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Since HTC Vive Cosmos was initially announced back in January of this year, little else has been said about HTC's newest VR headset until September 12 when full specifications were revealed. Ahead of its official release on October 3, VR-All-Art had the privilege to test the device and all of its new features.
HTC Vive Cosmos has six camera trackers and uses inside-out tracking. Unlike previous HTC Vive headsets which required external trackers, the Cosmos doesn’t, although they can be purchased separately for an upgraded experience. Likewise, an optional faceplate add-on, the External Tracking Module, will also be available to ensure Cosmos is compatible with 1.0 and 2.0 Lighthouse base stations. During live testing, we did notice some issues with the tracking, but we expect these bugs will be fixed when the final version of Cosmos is released.
One of the biggest benefits of HTC Vive Cosmos is how straightforward the setup is. As most of our clients are first-time users, making sure we provide them with gear they can easily use is our top priority - and HTC certainly did not disappoint. Moreover, Cosmos is much more mobile than its predecessors. By packing the headset and PC into a backpack, our clients have mobile galleries at their fingertips. And because Cosmos doesn’t require external trackers, a large number of headsets can be utilized at the same time in a small space without causing mutual interference.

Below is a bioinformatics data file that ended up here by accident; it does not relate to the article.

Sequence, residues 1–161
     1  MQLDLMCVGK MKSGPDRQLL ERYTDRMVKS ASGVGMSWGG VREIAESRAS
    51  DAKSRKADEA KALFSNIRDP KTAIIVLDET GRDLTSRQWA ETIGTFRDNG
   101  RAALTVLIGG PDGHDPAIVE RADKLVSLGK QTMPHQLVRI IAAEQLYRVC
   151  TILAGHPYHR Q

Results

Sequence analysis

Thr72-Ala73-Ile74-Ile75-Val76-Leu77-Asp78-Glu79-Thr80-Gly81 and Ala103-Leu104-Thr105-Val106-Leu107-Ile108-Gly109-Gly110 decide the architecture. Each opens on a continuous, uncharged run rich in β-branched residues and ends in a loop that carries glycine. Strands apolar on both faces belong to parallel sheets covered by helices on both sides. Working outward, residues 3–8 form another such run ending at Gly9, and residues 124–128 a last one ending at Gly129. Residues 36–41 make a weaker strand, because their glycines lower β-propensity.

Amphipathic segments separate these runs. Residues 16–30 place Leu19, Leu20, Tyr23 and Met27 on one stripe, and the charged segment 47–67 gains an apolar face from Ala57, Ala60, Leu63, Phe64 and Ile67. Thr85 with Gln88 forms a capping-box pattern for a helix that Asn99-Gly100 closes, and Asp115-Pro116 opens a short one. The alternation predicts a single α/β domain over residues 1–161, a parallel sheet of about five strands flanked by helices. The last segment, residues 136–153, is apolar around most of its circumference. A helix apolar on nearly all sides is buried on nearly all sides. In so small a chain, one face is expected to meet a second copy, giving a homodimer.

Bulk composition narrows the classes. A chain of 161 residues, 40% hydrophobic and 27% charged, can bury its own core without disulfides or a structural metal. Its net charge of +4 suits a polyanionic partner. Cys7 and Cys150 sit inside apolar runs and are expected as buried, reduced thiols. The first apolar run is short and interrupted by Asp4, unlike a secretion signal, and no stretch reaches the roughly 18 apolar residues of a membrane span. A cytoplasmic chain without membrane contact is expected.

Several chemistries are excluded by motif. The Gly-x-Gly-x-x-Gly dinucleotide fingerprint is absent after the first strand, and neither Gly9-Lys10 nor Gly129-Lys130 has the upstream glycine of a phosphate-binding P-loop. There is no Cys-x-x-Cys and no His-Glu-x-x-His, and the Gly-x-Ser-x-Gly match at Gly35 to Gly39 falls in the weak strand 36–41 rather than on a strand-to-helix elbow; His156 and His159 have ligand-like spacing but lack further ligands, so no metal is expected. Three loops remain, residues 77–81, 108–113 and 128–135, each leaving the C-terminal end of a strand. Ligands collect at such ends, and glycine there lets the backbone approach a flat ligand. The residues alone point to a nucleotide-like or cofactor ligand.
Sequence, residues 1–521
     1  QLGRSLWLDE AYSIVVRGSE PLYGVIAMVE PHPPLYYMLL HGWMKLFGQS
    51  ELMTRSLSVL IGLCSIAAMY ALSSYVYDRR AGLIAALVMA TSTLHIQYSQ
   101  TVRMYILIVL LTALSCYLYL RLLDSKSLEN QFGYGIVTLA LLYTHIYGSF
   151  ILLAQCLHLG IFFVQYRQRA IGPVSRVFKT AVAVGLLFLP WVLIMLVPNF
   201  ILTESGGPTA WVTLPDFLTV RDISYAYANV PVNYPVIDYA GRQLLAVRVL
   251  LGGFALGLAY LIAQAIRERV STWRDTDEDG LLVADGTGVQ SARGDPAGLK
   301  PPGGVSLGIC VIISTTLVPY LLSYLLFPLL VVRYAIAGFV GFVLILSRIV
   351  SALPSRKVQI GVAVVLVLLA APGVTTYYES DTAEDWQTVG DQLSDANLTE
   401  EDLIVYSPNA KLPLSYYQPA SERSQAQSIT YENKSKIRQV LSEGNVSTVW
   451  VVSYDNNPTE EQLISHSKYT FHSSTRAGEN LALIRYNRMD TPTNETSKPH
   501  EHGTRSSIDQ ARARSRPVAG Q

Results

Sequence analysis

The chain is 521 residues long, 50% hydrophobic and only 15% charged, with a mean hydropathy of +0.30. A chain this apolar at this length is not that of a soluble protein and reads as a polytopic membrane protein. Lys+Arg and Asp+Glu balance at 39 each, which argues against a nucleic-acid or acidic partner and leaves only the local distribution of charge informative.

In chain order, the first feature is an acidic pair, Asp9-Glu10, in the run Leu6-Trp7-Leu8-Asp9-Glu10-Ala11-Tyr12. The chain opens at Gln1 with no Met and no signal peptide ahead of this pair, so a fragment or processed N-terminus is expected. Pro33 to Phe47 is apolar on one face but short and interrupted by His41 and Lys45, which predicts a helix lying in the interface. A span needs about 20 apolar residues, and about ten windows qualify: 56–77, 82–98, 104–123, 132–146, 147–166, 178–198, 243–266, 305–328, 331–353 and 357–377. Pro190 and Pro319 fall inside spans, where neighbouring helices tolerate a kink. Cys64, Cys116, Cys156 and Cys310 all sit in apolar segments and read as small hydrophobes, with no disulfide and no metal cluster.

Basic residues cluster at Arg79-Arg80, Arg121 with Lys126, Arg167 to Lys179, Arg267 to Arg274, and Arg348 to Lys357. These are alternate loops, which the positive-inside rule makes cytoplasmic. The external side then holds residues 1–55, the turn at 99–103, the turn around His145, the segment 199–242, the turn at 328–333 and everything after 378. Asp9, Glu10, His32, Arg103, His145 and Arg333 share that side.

In terms of building the best commercial headset on the market, HTC has decidedly taken a big step in the right direction with Cosmos’ inside-out tracking. Oculus Quest recently announced Oculus Link, a software update that will enable a connection between Quest and a PC via a USB-C cable. With this upgrade on the horizon, HTC is facing strong competition on the market. However, it seems to us like Cosmos isn’t aiming to compete with Quest at all, but is rather designed to be the direct successor of the original HTC Vive. Based on our first experience with Cosmos we have high expectations of HTC, and hope to see even better commercial headsets in the future as the market for VR headsets is becoming increasingly more competitive.
Following the end of the local lockdown in Serbia, the VR-All-Art team has continued working on the latest planned exhibition of prehistoric art and artifacts from Vinca culture, one of the largest prehistoric archaeological sites in Europe. The team scanned over thirty of the most significant figurines from the Neolithic in three locations with the latest 3D scanning technology.
As the global lockdown progresses, cultural institutions remain inaccessible, closed to the audiences indefinitely. To counteract this unfortunate situation, VR-All-Art has decided to open its platform several months ahead of schedule. Due to the COVID-19 pandemic and the resulting social distancing, cultural institutions across the globe remain closed to the public and the only way to reach their audience is online.
Due to recent events that have affected us all, but perhaps especially cultural institutions such as museums, we are working quicker than ever on moving as much art and cultural heritage into virtual reality as possible, so that anyone can enjoy and draw endless inspiration from art and culture wherever they are on the planet.